Space Robotics

First Image of Vesta from Dawn Probe

Posted 11 May 2011 at 19:56 UTC by steve Share This

That white dot on a black background is the first image of the asteroid known Vesta captured by NASA's Dawn space probe. The space-faring robot is still 1.2 million kilometers away from Vesta, the second largest object in the asteroid belt, large enough to be considered a protoplanet. Dawn was launched in 2007 to study Vesta and the larger body, Ceres. Dawn is powered by three 30 cm ion thrusters expelling xenon ions at 10 times the speed achieved by chemical rocket engines. Each thruster provides 91 millinewtons, together, it's enough to take the robot from 0 to 60 MPH in four days. That may not sound like much but Dawn's will fire for 2,100 days. In addition to the robot's framing camera, which took the above photo, it carries a host of other sensors including gamma ray and neutron detectors, visible and IR spectrometers, and gravity field sensors. For more, check out the full size image with the detailed news release on NASA's website.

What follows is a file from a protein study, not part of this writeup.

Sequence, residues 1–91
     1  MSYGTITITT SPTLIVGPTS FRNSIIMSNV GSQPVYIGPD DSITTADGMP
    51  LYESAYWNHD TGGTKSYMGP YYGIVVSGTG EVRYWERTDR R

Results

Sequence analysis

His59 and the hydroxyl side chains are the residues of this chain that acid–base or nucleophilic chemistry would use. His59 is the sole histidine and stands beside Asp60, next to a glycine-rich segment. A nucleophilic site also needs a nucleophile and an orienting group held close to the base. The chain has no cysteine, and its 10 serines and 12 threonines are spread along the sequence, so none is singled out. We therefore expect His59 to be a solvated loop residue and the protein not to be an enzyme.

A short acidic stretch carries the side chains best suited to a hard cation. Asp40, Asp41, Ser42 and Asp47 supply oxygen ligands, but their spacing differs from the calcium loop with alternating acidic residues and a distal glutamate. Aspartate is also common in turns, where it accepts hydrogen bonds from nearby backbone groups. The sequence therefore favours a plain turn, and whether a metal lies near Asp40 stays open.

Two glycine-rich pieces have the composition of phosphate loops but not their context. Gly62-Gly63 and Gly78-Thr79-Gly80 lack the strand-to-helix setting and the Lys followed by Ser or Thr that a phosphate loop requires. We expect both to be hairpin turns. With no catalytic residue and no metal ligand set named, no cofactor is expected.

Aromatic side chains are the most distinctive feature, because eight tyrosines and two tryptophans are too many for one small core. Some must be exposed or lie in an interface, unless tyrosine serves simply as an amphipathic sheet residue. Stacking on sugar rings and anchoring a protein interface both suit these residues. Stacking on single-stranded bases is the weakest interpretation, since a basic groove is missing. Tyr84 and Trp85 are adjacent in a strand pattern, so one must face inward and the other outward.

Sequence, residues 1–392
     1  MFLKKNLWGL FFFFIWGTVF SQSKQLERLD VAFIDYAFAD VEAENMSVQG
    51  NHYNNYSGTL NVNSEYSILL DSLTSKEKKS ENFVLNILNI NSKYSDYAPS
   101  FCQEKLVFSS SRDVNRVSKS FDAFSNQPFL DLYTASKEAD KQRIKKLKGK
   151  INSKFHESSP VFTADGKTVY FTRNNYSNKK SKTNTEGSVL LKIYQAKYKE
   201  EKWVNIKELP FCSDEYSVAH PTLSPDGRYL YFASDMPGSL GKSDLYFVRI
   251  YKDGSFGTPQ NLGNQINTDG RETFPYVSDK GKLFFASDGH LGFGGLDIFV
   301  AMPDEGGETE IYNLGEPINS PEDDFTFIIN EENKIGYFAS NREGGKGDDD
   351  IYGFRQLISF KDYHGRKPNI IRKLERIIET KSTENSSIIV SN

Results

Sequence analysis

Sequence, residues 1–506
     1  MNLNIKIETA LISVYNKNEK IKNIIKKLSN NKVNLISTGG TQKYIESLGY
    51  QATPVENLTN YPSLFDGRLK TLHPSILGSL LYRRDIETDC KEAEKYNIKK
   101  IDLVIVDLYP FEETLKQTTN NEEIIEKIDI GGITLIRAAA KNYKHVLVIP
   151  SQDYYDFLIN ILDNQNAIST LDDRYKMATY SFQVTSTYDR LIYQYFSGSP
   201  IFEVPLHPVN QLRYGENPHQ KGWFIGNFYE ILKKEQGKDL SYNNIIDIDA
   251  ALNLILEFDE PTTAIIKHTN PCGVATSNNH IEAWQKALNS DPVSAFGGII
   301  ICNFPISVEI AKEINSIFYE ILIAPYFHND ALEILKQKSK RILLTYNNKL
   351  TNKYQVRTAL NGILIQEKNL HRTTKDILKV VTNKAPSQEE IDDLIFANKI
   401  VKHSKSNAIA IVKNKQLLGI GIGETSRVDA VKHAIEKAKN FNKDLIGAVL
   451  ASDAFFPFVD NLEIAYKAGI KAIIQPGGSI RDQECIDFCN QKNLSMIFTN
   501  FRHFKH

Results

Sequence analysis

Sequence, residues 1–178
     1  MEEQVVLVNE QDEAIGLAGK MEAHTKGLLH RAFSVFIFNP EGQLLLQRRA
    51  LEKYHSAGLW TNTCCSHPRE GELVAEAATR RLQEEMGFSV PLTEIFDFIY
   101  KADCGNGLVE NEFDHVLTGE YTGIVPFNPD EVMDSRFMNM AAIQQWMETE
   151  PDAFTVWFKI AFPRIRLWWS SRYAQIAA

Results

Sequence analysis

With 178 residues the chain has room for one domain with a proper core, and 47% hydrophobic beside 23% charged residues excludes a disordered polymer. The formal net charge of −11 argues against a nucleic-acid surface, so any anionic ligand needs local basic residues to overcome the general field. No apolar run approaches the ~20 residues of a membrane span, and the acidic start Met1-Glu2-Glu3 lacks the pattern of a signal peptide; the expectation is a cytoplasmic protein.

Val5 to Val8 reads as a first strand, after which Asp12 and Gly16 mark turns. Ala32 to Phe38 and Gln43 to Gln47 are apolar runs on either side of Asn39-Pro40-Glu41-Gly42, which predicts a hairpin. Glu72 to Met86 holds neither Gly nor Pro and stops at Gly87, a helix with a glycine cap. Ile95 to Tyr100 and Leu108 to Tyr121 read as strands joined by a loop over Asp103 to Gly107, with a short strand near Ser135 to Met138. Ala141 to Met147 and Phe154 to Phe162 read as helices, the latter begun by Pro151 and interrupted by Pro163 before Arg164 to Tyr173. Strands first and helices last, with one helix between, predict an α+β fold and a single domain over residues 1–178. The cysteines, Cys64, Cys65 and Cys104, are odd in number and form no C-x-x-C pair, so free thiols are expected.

Marooned off Vesta, posted 11 May 2011 at 20:07 UTC by steve » (Master)

Anyone else reminded of Asimov's short story by this news? I think the characters in his story saved themselves by creating an improvised steam rocket to propel their stranded ship to safety.

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